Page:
That back-and-forth and indecisiveness already led to a handful of players in Connecticut transferring out of state just to be able to play. The most notable was Bloomfield quarterback Daron Bryden.
“For everyone asking yes I am attending Washington High school in Oklahoma,” Bryden tweeted. “My senior year is very important to me and this decision was the best thing to be made. I’ve always had the drive to be great. I appreciate all the love and support. No interviews please #RespectMyDecision”
Volleyball will, it turns out, be played this fall as long as players and coaches wear masks. Full team practice and game schedules for soccer, field hockey, cross country and swimming will go on ahead as planned.
During a student-athletes rally Aug. 20, CIAC Executive Director Glenn Lungarini said the sports’ governing body could hold a combine or a 7-on-7 league, as was done in the summer, as a couple of possibilities. But a number of players and coaches have been against 7-on-7 football.
“To me 7-on-7 is preparing for football, it isn’t a part of football,” said Isaiah Boddie, who has been trying to navigate the previous guidelines related to the virus while trying to install his own system as New Britain’s first-year head coach.
Drury would rather see the season moved to 2021 than have a 7-on-7 league. Like Boddie, he’s against the possibility of having to exclude linemen and sees 7-on-7 as more of a training tool for players to learn his team’s system than anything else.
“Hopefully the CIAC can really step up for our players and have a spring season,” he said. “I know all of our players would love to do it.”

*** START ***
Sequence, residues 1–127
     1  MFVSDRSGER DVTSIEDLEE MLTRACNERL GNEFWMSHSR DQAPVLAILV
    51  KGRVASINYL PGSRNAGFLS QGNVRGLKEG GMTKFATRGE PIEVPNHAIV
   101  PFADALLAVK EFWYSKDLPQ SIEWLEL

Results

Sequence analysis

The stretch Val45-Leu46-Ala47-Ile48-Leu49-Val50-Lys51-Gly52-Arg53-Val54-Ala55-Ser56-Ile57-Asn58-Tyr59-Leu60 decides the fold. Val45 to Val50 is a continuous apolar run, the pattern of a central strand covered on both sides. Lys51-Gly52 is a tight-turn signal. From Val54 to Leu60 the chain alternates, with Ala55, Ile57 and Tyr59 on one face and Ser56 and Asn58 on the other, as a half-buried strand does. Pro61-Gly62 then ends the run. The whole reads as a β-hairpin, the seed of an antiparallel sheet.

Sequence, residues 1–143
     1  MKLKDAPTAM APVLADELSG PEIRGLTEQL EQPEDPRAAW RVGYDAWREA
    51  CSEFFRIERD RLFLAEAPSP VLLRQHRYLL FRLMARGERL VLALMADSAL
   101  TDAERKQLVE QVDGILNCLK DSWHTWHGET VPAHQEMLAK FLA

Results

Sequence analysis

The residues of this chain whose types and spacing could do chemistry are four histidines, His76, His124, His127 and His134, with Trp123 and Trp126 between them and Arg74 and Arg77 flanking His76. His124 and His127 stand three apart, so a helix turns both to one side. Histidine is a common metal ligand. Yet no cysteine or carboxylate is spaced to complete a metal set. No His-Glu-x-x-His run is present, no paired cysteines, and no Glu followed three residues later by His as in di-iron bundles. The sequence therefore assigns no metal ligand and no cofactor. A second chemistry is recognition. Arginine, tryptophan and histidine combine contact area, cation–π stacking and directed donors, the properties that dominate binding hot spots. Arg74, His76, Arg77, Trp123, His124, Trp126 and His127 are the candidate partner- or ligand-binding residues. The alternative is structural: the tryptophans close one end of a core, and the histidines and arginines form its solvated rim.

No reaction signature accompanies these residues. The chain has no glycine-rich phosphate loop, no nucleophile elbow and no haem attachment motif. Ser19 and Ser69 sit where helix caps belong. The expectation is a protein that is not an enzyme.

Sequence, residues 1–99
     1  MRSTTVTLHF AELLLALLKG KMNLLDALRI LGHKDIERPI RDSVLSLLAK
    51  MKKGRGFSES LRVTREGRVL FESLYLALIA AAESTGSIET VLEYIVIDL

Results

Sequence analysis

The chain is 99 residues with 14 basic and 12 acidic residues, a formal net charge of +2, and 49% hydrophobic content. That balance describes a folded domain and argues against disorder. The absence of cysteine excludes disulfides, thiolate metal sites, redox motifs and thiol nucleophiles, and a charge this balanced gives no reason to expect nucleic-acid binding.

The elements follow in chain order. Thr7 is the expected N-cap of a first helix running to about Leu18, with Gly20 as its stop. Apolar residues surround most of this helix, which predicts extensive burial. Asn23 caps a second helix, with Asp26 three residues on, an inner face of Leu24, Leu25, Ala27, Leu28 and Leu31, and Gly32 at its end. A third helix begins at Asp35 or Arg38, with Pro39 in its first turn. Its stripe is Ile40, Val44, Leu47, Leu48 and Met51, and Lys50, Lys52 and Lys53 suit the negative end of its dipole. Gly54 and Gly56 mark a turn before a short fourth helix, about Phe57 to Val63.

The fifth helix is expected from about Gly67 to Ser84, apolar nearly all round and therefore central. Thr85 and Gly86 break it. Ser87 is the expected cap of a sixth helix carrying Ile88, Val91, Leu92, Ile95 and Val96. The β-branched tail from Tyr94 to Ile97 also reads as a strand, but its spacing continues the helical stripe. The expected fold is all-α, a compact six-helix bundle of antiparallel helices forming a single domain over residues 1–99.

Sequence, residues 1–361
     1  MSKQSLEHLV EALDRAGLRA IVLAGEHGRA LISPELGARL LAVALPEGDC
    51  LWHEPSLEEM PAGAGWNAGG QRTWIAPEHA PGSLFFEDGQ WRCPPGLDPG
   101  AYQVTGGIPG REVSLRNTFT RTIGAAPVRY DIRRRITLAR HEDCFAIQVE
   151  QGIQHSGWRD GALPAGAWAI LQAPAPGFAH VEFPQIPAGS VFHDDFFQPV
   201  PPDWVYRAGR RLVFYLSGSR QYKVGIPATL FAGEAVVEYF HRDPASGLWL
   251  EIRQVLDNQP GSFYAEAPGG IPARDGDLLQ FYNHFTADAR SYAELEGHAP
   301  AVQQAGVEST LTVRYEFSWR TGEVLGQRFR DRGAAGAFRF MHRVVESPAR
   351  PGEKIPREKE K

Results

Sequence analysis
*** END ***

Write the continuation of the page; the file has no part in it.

The CIAC, though, stated Aug. 24 spring football was out of its plan to play high school sports for the upcoming school year.
Other states, like Oklahoma, meanwhile, have already begun playing games even with higher covid-19 numbers than Connecticut (53,108 cases, according to the Center for Disease Control and Prevention).
Texas (625,347), Tennessee (159,546), Alabama (129,285), Ohio (127,112), Indiana (96,854), Missouri (88,610), Iowa (67,151), Oklahoma (66,868), Arkansas (63,504) and Utah (54,001) were among those who began their fall seasons on time and on schedule. So too did Nebraska (35,469), Idaho (32,927), South Dakota (14,337), North Dakota (12,973), Montana (8,000), New Hampshire (7,347) and Maine (4,632) and Wyoming (3,993).
Some states - Florida (629,913), Georgia (277,288), Arizona (203,953), New York (201,977), New Jersey (192,973) and Pennsylvania (136,771) - like Connecticut, made the decision to push back the start of the spring, but were either scheduled to begin playing games on Friday or by the end of September. Michigan (115,242) announced on Thursday, it would start playing games on Sept. 18.
“Do I think there should be football this season?” Boddie asked. “Absolutely. In the state of Connecticut, they’ve been playing AAU basketball and lacrosse and other high-risk sports, so why not football? I think not playing football will cause more harm than good in terms of kids’ mental makeup than not to play football. Our kids thrive off of structure and things to look forward to. For some kids, sports wakes them up in the morning and makes them go to class and do well in class. For them, it’s about doing well in school to play sports to get into college.”
Many coaches and players were in agreement before Friday’s announcement.
“I’m willing to risk it all to have a season this year,” Treyvon Daniel, a Bristol Eastern senior, had said. “All the hard work day in and day out just for it to be snatched from us isn’t fair. Six games or 10 games, I’ll be grateful to be able to step on the field with my brothers for one last ride. Every player graduating this year has something to prove. We don’t want it stripped.”